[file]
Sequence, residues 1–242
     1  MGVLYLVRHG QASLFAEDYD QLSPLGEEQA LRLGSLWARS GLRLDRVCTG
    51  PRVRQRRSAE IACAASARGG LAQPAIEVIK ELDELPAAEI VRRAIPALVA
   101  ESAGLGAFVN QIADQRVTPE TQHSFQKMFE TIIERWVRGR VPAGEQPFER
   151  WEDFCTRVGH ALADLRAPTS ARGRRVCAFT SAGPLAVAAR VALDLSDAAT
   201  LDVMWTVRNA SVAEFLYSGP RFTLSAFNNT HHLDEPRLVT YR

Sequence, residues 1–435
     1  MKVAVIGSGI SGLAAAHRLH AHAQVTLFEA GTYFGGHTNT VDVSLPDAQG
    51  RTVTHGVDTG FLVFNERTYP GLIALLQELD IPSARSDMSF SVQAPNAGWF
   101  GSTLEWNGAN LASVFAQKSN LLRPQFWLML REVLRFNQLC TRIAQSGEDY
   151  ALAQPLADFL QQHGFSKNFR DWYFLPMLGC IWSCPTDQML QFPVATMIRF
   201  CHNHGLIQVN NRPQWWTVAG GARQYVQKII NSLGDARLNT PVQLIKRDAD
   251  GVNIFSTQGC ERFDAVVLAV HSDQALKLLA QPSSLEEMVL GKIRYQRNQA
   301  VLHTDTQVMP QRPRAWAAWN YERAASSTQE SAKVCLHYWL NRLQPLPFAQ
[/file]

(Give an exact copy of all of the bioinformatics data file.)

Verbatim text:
Sequence, residues 1–242
     1  MGVLYLVRHG QASLFAEDYD QLSPLGEEQA LRLGSLWARS GLRLDRVCTG
    51  PRVRQRRSAE IACAASARGG LAQPAIEVIK ELDELPAAEI VRRAIPALVA
   101  ESAGLGAFVN QIADQRVTPE TQHSFQKMFE TIIERWVRGR VPAGEQPFER
   151  WEDFCTRVGH ALADLRAPTS ARGRRVCAFT SAGPLAVAAR VALDLSDAAT
   201  LDVMWTVRNA SVAEFLYSGP RFTLSAFNNT HHLDEPRLVT YR

Sequence, residues 1–435
     1  MKVAVIGSGI SGLAAAHRLH AHAQVTLFEA GTYFGGHTNT VDVSLPDAQG
    51  RTVTHGVDTG FLVFNERTYP GLIALLQELD IPSARSDMSF SVQAPNAGWF
   101  GSTLEWNGAN LASVFAQKSN LLRPQFWLML REVLRFNQLC TRIAQSGEDY
   151  ALAQPLADFL QQHGFSKNFR DWYFLPMLGC IWSCPTDQML QFPVATMIRF
   201  CHNHGLIQVN NRPQWWTVAG GARQYVQKII NSLGDARLNT PVQLIKRDAD
   251  GVNIFSTQGC ERFDAVVLAV HSDQALKLLA QPSSLEEMVL GKIRYQRNQA
   301  VLHTDTQVMP QRPRAWAAWN YERAASSTQE SAKVCLHYWL NRLQPLPFAQ